ideas for change

Academic Imposter Syndrome

There’s an article in the Advice section of the Chronicle today, detailing one junior professor’s struggle with clinical levels of anxiety, that mostly take the form of Academic Imposter Syndrome.

Many of us express the sense that we suffer from (sub-clinical) levels of this syndrome ourselves. I know I’ve joked about it myself, particularly in grad school, with its cohort of peers and constant competition for grades, funding, and jobs. I’m not finding this kind of joking particularly funny anymore.

The author relates the terrible feelings of fear, low self-worth, frantic productivity, an inability to enjoy or appreciate his own successes and a corollary over-acceptance of any negative feedback he receives. He writes that he feels so worthless that “I work harder, produce more, revise more ferociously, network more eagerly, and present more and better papers in the hope that doing so, and the external rewards I might obtain, will help drive away the terror and isolation I feel. But of course they do not.” The author notes that “Impostor syndrome is a psychological problem that touches on the entirety of my professional self-identity, and spoils it through and through.” He writes also that that he has received therapy for this issue, and continues to use management strategies (cognitive behavioural therapy?) to control some of the worst of the symptoms — I can well see that his issue is both chronic and serious.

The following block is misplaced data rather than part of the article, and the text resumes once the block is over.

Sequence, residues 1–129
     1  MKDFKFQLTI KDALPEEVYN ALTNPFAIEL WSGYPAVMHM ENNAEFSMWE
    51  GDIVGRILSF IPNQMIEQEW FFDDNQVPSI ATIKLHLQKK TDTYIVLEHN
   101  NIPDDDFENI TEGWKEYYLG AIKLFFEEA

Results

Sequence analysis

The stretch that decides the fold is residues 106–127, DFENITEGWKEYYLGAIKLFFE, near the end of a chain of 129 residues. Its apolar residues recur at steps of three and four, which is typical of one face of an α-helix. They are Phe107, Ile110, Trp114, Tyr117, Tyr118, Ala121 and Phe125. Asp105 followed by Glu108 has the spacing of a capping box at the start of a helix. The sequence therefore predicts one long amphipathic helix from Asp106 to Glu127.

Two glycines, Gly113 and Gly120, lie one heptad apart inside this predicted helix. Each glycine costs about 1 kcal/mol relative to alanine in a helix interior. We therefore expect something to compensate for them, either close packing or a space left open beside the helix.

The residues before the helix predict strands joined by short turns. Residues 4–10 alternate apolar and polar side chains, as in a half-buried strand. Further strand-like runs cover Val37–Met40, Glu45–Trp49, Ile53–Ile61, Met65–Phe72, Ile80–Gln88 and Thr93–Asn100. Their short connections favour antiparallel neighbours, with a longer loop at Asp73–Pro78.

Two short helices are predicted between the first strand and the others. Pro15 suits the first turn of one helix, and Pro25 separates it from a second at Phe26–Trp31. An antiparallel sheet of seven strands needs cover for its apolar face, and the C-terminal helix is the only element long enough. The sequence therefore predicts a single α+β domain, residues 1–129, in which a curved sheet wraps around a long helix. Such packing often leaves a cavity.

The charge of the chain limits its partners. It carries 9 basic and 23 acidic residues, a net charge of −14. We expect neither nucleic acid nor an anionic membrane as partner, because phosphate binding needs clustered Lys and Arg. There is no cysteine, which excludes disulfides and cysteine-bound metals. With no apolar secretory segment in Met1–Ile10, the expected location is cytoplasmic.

But for the rest of us, those legion grad students and profs who have the more self-diagnosed kind of imposter syndrome? It is very well possible to be a successful academic without the kind of internalized browbeating that this mindset produces. And that’s something we should aim for, instead of normalizing self-hatred as a great productivity tool.

Let’s not kid ourselves — there is a strand of academic culture that seems to reward this particular kind of neurosis. Constant fear of being cast out of the garden is thought to motivate us to work harder. It keeps us sharp. Hungry. This must stop.

Like an alcoholic who claims that being drunk makes it easier for her to lecture to large crowds, or the ritalin addict who claims his abuse of stimulants make his thinking clearer, to say that a debilitating psychological problem makes one a better scholar is a rationalization. Consider: do you think, if you could rid yourself of your anxiety and dysphoria, your scholarship would be worse? Your teaching? I doubt it. Would you be measurably happier, calmer, more at peace on a daily basis? Probably. It’s time to ask what our rationalizations are really doing to our lives and our careers.